Fixed bill

Fixed bill refers to an energy pricing program in which a consumer pays a predetermined amount for their total energy consumption for a given period. The price is independent of the amount of energy the customer uses or the unit price of the energy.[1] Energy companies can offer this type of pricing by hedging the risks of fluctuating demand using weather derivatives.


The ability to provide fixed bill energy contracts in the US grew out of the deregulation of the energy industry in the 1990s. An early pioneer in this field was Equitable Gas Company. They proposed a one-year, fixed-bill natural gas contract to Allegheny County, PA public schools in 1995.[2]

The two inventors of the Equitable Gas product, Bernard Bilski and Rand Warsaw, then left Equitable and formed their own company, WeatherWise USA. Rand Warsaw is now CEO of the company. They have further developed the product and now offer a variety of fixed bill plans to energy companies under license.[3] The energy companies, in turn, offer the plans to their customers.


On April 16, 1996, Equitable Gas filed a patent application on their process. The inventors were Equitable employees, Bernard Bilski and Rand Warsaw. The title was “Energy Risk Management Method”. It had a description of a method for hedging the weather-related risk that contributes to fluctuating demand in a fixed bill pricing scheme.[4] It has been viewed as a “pure” Business method patent and was rejected by the USPTO examiner, the USPTO board of appeals, the Court of Appeals for the Federal Circuit (case In re Bilski) and the US Supreme Court (case Bilski v. Kappos).

Numerous other patent applications have been filed with several having issued. The patents cover different variations of fixed bill offerings.[5]

Commercial productsEdit

The following companies design fixed bill products and license them to distributors, such as utilities:

  • WeatherWise USA
  • Christensen Associates

The following energy companies offer fixed bill programs directly to consumers:

Levelized paymentEdit

A Fixed Bill plan is different from a more traditional Levelized Payment plan. In a Levelized Payment plan, a consumer is billed an equal amount per month for a year based on their prior energy use. At the end of the year, however, the consumer will be billed for excess energy they may have used, or get a refund if their actual energy use was less than projected.[6]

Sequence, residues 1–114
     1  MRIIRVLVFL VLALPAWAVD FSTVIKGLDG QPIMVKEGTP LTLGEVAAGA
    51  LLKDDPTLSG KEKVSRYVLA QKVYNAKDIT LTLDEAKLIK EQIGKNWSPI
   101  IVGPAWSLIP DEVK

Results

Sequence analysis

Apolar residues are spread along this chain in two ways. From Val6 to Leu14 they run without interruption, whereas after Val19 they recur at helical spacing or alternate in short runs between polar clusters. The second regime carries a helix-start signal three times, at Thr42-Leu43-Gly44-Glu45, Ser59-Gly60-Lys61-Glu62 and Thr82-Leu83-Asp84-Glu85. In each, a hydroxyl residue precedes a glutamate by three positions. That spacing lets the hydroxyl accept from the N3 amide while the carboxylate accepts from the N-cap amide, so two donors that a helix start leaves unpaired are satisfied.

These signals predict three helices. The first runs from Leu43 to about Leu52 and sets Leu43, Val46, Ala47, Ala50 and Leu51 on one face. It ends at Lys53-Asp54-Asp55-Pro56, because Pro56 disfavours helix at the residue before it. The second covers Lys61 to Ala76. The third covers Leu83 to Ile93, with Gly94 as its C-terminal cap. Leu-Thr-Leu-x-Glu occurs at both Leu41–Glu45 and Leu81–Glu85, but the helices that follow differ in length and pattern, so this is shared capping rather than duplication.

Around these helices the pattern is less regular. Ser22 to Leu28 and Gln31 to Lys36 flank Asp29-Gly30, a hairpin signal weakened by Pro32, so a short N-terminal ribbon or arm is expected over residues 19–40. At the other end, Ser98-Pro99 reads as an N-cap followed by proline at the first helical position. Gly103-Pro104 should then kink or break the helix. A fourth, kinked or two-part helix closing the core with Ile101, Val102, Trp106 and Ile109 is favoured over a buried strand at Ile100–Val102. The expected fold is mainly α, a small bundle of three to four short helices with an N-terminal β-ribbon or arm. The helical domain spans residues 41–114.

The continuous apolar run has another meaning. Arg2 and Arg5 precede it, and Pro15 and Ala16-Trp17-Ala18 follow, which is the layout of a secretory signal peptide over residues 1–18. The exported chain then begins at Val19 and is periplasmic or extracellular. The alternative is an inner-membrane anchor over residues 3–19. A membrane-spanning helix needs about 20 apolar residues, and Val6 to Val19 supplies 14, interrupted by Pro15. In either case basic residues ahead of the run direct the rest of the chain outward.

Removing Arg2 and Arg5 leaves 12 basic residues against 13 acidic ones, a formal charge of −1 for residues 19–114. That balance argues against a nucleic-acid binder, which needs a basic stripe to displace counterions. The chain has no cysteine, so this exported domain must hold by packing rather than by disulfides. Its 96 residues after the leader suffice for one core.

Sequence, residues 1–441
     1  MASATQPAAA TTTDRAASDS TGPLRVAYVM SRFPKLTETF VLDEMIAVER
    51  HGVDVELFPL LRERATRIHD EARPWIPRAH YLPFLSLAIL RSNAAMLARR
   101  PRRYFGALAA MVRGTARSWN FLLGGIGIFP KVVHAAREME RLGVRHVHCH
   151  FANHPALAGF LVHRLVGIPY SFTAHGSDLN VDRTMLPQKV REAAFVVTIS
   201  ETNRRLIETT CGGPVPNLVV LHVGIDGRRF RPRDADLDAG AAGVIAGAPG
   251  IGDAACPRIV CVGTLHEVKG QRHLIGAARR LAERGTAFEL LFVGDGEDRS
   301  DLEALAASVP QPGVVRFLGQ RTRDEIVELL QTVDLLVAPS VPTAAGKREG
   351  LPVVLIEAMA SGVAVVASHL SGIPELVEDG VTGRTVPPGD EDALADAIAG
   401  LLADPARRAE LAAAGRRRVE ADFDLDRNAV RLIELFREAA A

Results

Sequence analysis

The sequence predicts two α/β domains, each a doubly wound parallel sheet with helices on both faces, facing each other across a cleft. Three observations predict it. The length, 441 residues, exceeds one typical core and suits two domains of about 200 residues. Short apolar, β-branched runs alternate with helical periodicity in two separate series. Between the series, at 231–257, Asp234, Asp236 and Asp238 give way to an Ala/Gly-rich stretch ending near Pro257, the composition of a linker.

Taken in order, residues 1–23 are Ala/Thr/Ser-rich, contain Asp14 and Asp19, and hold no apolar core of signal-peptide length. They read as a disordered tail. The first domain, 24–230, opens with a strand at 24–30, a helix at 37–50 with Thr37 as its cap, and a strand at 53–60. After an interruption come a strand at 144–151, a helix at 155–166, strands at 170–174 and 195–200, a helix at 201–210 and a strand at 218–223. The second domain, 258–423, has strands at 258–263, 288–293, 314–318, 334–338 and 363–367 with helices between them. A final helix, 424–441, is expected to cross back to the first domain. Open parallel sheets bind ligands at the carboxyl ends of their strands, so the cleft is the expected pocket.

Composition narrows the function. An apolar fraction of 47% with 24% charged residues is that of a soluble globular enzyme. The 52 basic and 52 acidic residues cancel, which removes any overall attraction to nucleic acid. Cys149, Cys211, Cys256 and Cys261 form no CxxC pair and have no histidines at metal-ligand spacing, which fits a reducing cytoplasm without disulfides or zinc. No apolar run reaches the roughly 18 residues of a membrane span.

In a Fixed Bill plan, what a consumer pays is independent of what they use.


Fixed bill pricing programs have been investigated by States Attorneys General when participants' bills have been higher than nonparticipants' bills.[7] In 2007, for example, Minnesota shut down a fixed bill program run by Xcel Energy and CenterPoint Energy when most participants paid higher than average bills for four out of five years.

See alsoEdit


  1. ^ Lucchetti, Aaron (6 November 1997). "Cold Winter on the Way? Some Consumers Bet on It". The Wall Street Journal.
  2. ^ "Pittsburgh Post-Gazette – Google News Archive Search".
  3. ^ "WeatherWise press release mentioning that Rand Warsaw is CEO. Jan 27, 2005". Archived from the original on July 18, 2011. Retrieved August 22, 2009.
  4. ^ "Appendix of In re Bernard L. Bilski and Rand A. Warsaw, Text of patent application serial number 08/833892, US Court of Appeals for the Federal Circuit, 2007" (PDF).[permanent dead link]
  5. ^ "WeatherWise News page announcing different patent applications and issued patents". Archived from the original on 2008-11-20. Retrieved 2009-08-22.
  6. ^ Belkin, Lisa (10 May 1984). "UTILITY BILL OPTION: LEVELIZED PAYMENT". The New York Times.
  7. ^ "".

External linksEdit